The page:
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Wednesday, April 1, 2015

 Coming Home to Rainbows

We were recently having a discussion on sustainability and what were the basic elements that would create sustainability.  One person thought that our technological advancement would be a major element by freeing people from mundane work.  Another agreed because we could have clean, adequate housing with all the utilities in place and that would free us up more to create a sustainable world. When asked, “Now that you don’t have to grow your food or produce your housing or work for your utilities, what would you do with your time?”  One person said they would have the time to create more ways to make the world sustainable. The other said they would travel and talk to people and teach sustainable living.  Another person said, ‘What about your relationship to the land?’  Another responded with, ‘You could go and visit forests and parks and then come back to your clean and safe place to live.  You would have the best of both worlds.
Granted these responses do not represent a wide range of thought but I think they speak for many people. For me the question is, ‘Is technology sustainable in any form?’ We know that many of the older forms of power and transportation lay a heavy burden on the earth.  What about the newer forms of energy like solar and wind and water power?  The materials needed to build the factories and the technologies are creating pollution and using up resources.  How long do these technologies last and how do we get rid of the old ones? Are we caught in a cycle of do we pollute to create and pollute to recycle?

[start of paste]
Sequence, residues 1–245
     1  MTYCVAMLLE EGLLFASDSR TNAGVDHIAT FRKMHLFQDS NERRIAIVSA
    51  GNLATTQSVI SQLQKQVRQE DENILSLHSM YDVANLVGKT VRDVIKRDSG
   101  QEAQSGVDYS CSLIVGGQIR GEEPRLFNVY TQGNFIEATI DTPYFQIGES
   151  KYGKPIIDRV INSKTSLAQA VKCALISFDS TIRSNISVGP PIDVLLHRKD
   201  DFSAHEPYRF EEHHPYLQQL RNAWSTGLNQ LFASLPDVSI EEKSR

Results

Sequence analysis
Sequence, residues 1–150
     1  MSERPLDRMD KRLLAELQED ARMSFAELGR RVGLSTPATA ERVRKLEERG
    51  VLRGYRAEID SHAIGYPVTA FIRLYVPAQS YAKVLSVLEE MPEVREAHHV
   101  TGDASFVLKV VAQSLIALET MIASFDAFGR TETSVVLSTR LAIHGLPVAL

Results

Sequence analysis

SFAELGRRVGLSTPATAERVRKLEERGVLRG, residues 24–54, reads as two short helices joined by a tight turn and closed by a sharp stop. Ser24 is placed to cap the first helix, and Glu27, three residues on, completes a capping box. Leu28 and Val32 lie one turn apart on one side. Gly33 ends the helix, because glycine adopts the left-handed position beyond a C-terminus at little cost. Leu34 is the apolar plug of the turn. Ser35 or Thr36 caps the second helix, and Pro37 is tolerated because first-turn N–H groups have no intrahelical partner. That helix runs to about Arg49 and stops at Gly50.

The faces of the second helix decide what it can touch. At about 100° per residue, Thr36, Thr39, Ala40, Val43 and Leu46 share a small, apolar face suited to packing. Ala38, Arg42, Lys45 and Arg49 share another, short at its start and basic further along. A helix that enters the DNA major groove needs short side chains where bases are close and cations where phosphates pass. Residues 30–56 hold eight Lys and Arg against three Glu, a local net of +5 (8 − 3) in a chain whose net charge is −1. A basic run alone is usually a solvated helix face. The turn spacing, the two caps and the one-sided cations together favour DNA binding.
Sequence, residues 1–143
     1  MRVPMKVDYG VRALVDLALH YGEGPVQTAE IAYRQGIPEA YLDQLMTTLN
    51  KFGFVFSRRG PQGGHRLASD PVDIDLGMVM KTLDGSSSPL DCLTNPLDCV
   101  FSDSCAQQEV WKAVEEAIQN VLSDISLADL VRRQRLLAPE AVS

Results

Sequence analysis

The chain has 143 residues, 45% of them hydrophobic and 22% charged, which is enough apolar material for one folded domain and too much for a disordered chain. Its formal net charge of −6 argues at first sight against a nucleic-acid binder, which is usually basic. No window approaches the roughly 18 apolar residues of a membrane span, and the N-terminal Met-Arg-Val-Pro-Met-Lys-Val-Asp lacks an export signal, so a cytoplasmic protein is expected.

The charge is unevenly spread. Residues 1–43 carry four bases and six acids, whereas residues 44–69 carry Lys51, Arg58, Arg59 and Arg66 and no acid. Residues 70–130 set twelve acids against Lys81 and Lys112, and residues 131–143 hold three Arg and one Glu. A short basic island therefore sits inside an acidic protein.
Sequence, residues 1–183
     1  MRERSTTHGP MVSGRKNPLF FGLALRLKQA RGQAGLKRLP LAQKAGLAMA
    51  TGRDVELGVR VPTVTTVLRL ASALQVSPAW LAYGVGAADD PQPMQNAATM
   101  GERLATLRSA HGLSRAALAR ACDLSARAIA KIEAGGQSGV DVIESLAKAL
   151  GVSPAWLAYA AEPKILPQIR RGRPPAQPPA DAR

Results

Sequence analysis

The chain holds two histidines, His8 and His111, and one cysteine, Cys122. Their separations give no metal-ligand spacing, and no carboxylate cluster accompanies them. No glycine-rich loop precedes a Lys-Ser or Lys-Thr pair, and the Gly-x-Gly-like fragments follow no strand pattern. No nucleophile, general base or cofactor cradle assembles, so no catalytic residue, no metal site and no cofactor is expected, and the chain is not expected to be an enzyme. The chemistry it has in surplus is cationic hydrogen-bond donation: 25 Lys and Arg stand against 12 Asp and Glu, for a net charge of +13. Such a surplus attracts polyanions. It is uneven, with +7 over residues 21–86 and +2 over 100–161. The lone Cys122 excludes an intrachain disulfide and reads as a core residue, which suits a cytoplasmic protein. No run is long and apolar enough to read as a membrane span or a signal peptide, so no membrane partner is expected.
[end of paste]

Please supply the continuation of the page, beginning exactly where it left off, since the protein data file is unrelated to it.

I think we are advancing in our evolution. I think we are going ahead in the right direction into an understanding of ourselves and each other and what it will take to manage this world sustainably. The appropriate answers as to exactly how to make the next leap may not be visible yet. I think that there are other questions we need to ask, like; what would the great mother want? How would the creatures like our lifestyles? How does the land itself feel about the ways we farm and live? How well will the people fare as they become more and more removed from the land and the animals? 

Were we given paradise to turn it into a concrete techno reality that lets us go places faster and bypass manual work so we can use our brains without our bodies? Where we given paradise to relegate the beauty and abundance of this world into parks and historical museums?
I don’t think we are to abandon technology. I don’t think we are to abandon our relationship with the natural order of this world either.  The answer can’t lie in bigger, better, faster. The answer has to embrace the gift of paradise we were given to LIVE IN. Put the people back on the land and create technology that does not destroy the land or the people. We have to restore paradise and learn to live in it not outside it, not cover it with concrete and buildings that don’t even allow fresh air to breathe and that turn people’s lives into robotic functions that make them sick and unhappy.
We can make this transition. We are meant to make this transition, but we will only be able to make it if we stay focused on the source of lives, the earth.